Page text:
Shneiderman to speak at Arena Civil Dialogue, Aug. 12
ISR-affiliated Professor Emeritus Ben Shneiderman (CS/UMIACS) will participate in a special program at Arena Stage at the Mead Center for American Theater, Molly Smith Study, Washington, DC, on Sunday Aug.12, from 5:30 to 7:30 p.m.
He will be speaking as a Dialogue Starter as part of an Arena Civil Dialogue titled “The Robots Are Coming.”
The Arena Civil Dialogues series provides an opportunity for people in the D.C. metro area to engage in civil discourse about social and political issues, demonstrating that people of diverse viewpoints can have fruitful dialogues with each other. The conversations discuss topics related to current events. While the Dialogue Starters will begin the conversation, most of the time will be dedicated to discussion from the participants.
“The Robots Are Coming” deals with social questions related to the increasing capabilities and ubiquity robots. The conversation will deal with questions such as:
• Will robots take more of our jobs?
• Will robots outsmart people?
• Can robots start wars?
Joining Shneiderman as Dialogue Starters are Jared Bernstein from the Center on Budget and Policy Priorities; Molly Kinder of New America, Mary Wareham of Human Rights Watch and Roman Yampolskly from the University of Louisville.
Shneiderman writes, “As you’ll guess, I think automation is largely a positive force, which increases productivity, lowers costs, and raises living standards. Automation expands the demand for services, thereby raising employment, which is what has happened at Amazon and Fedex.
“Yes, automation is disruptive, but human creative capabilities will create more new jobs, as it has during the agricultural, industrial, technology, and medical revolutions. Gutenberg’s printing press reduced employment for scribes, but the explosion of publication, readers, and writers brought many benefits. Similarly, weaving looms expanded the market and employment in the textile industry, while bank machines increased services and employment in banking. Increasing automation in medical care contributes to better healthcare and expanded employment. Overall, increasing levels of automation are correlated with lower costs, which lead to expanded demand and improved services, thereby increasing employment.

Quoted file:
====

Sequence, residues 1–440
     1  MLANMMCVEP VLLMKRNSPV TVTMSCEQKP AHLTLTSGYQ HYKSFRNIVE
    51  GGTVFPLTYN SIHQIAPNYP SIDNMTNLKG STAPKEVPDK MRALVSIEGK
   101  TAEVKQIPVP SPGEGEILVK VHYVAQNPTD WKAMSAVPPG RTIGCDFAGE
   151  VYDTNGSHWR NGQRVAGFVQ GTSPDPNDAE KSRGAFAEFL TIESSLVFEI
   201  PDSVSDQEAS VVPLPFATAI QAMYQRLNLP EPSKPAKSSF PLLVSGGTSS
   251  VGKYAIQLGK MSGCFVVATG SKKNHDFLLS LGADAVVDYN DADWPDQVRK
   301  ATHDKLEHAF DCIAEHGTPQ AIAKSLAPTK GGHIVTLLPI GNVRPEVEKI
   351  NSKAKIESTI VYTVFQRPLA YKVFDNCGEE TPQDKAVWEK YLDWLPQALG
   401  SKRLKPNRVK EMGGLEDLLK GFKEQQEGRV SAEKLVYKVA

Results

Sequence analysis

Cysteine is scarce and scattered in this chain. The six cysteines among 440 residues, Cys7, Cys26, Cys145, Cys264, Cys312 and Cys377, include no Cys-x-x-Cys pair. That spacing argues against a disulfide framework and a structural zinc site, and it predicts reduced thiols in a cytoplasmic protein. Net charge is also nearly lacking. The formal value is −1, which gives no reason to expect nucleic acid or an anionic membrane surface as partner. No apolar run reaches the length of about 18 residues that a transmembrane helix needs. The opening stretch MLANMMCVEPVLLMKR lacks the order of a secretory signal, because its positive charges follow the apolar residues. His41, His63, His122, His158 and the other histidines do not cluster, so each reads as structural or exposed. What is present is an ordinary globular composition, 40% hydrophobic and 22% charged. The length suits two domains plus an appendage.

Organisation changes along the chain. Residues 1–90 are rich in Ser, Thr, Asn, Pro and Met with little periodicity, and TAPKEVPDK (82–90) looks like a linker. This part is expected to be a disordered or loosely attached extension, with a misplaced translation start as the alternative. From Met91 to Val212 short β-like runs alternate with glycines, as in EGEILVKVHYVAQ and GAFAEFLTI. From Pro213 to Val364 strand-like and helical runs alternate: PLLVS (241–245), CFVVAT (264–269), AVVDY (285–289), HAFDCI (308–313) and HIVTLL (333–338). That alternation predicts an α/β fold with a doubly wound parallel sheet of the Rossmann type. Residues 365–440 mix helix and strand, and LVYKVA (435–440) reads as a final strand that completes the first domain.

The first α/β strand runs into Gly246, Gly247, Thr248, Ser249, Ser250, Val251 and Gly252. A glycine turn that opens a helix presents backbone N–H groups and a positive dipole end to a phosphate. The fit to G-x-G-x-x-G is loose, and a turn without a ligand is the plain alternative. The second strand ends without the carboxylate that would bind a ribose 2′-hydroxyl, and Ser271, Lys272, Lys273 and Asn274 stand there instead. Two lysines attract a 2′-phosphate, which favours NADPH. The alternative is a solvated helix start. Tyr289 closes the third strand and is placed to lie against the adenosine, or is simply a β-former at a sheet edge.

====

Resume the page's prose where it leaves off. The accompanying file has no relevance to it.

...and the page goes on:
“Our job as technology developers is to ensure that automation and robots are as safe as possible, while working to promote equitable sharing of the benefits. But even more importantly, we have to remember that human creative capabilities are in a different class from the modest but useful tools such as deep learning and artificial intelligence.”
“My position is contrary to those who believe that robots and artificial intelligence will lead to widespread unemployment,” Shneiderman says, “so I expect a spirited discussion.”
Arena Civil Dialogues are free events that are prone to filling quickly. If you would like to attend, it is easy to register here on the Arena Stage website.
GapFlyt helps aerial robots navigate more like birds and insects
New affiliate faculty Mark Fuge is expert in machine learning and artificial intelligence
Why a robot can't yet outjump a flea
Raising the Bar on Precision
Maryland researchers awarded DARPA cooperative agreement to develop robotic swarm strategies
Alumnus Philip Twu's exciting career in space robotics
Alumnus Xiaobo Tan named Withrow Distinguished Scholar at Michigan State
Derek Paley interviewed for WYPR's 'On the Record'
University of Maryland, Navy Control Robot From 6,000 Feet Above Ground
UMD Opens Outdoor Flight Laboratory to Advance Autonomy, Robotics
August 2, 2018